Can retailers link a single purchase to the local search that precipitated it? The short answer is, “Not yet, but we’re working on it.”
The local industry as a whole is working to accurately tie searches to sales, so it won’t be long before you’ll be able to connect a specific consumer to a specific purchase, originating from a specific channel. But until that level of attribution is a reality there are a few tactics you can implement today to understand what’s driving in-store sales. It all starts with building your O2O (Online-to-Offline) funnel.
What’s the O2O Funnel exactly?
Your O2O funnel measures your conversions from local search impressions to in-store sales. By measuring the number of online actions customers made (things like clicks to your site, clicks to call and clicks for store directions) you can determine the number of in-store visits and sales generated by local search.
We’re using Google+ as the base example for this article, but you can use the same models to build your funnel anywhere your customers are converting, including Facebook, Foursquare and Yelp.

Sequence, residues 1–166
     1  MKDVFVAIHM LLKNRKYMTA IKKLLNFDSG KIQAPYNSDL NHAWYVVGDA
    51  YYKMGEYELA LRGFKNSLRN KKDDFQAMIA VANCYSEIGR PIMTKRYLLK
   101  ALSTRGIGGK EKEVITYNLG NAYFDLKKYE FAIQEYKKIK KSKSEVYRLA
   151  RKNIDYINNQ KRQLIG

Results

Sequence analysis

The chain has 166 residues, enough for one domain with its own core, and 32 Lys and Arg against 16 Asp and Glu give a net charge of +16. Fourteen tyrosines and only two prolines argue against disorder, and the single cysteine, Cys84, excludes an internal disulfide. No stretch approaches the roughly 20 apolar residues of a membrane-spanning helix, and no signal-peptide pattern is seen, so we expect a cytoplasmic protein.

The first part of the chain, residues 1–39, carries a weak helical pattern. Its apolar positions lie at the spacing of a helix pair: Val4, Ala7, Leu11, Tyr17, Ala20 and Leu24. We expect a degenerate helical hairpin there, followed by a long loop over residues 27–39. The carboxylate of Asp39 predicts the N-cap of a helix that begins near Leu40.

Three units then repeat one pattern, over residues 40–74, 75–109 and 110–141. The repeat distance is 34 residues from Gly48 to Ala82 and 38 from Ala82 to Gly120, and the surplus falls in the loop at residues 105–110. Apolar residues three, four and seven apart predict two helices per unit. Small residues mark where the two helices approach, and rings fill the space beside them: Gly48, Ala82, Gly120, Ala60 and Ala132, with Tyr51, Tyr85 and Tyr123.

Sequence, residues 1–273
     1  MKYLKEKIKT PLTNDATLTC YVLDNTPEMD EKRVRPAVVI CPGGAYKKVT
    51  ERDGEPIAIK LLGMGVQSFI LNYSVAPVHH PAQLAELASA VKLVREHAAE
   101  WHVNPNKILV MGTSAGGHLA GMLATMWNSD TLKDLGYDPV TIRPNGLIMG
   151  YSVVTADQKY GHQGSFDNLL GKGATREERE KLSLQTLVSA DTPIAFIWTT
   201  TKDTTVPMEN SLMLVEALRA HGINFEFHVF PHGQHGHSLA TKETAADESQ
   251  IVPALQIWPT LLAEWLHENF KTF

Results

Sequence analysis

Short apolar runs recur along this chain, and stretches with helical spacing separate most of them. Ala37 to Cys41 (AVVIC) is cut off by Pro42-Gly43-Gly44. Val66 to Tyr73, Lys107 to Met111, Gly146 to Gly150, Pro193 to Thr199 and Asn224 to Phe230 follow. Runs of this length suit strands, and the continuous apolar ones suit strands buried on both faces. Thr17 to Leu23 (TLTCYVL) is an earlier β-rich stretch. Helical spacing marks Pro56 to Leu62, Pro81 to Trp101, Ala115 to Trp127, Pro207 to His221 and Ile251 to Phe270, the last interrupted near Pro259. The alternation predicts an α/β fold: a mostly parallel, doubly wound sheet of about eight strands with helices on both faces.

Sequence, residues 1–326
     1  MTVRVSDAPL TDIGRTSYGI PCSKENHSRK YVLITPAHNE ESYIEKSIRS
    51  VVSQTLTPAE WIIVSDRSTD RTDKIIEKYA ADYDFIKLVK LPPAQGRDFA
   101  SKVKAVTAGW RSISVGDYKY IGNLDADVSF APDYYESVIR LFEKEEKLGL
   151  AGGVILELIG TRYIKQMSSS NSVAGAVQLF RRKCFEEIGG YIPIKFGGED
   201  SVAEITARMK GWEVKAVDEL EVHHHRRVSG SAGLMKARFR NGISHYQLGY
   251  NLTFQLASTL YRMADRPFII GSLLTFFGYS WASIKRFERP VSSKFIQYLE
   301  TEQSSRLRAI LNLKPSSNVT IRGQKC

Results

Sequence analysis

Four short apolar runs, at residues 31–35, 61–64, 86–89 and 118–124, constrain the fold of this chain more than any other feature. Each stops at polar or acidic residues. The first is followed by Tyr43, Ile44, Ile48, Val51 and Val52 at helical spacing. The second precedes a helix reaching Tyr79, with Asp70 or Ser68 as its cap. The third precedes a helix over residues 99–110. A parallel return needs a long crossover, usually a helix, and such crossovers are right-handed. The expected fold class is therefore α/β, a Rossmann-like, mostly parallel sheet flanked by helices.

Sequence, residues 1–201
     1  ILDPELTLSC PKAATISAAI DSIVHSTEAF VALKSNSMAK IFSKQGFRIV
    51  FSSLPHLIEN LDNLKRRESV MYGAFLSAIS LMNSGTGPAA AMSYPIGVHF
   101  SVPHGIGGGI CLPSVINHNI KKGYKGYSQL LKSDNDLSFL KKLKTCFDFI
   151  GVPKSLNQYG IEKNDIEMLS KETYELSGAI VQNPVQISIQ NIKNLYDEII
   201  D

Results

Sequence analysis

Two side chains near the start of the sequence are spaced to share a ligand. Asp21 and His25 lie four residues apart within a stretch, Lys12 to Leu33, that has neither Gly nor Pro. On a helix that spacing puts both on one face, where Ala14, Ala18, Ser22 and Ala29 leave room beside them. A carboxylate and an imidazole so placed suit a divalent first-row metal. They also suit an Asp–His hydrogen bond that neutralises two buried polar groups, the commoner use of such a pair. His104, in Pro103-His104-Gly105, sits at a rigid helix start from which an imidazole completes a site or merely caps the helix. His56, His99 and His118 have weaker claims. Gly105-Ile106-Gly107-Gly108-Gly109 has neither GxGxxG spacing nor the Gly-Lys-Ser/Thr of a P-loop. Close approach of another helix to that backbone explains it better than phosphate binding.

How are consumers searching?
Are consumers finding you when they search for the products or services you’re selling in their area? Consumers are entirely self-absorbed – myself included. We put ourselves at the center of every search – asking Google (or Bing, or Yahoo) to find me what I want near where I am. Consumers only search for brands about 25% of the time, so you have to optimize your local search for what you are selling (see Brad Shorr’s guest post here.) Google calls these searches “Micro Moments,” and they are a potential goldmine of new customers.
Standard searches look something like this:
- “Coffee shop San Francisco”
- “Plumber around 10012”
- “Cell phone store near me”
These search queries generate billions of impressions every month, and 18% of them will lead to a purchase within 24 hours. That’s a lot of potential dollars that could be spent at your store.
OK, gotcha, now show me how you do it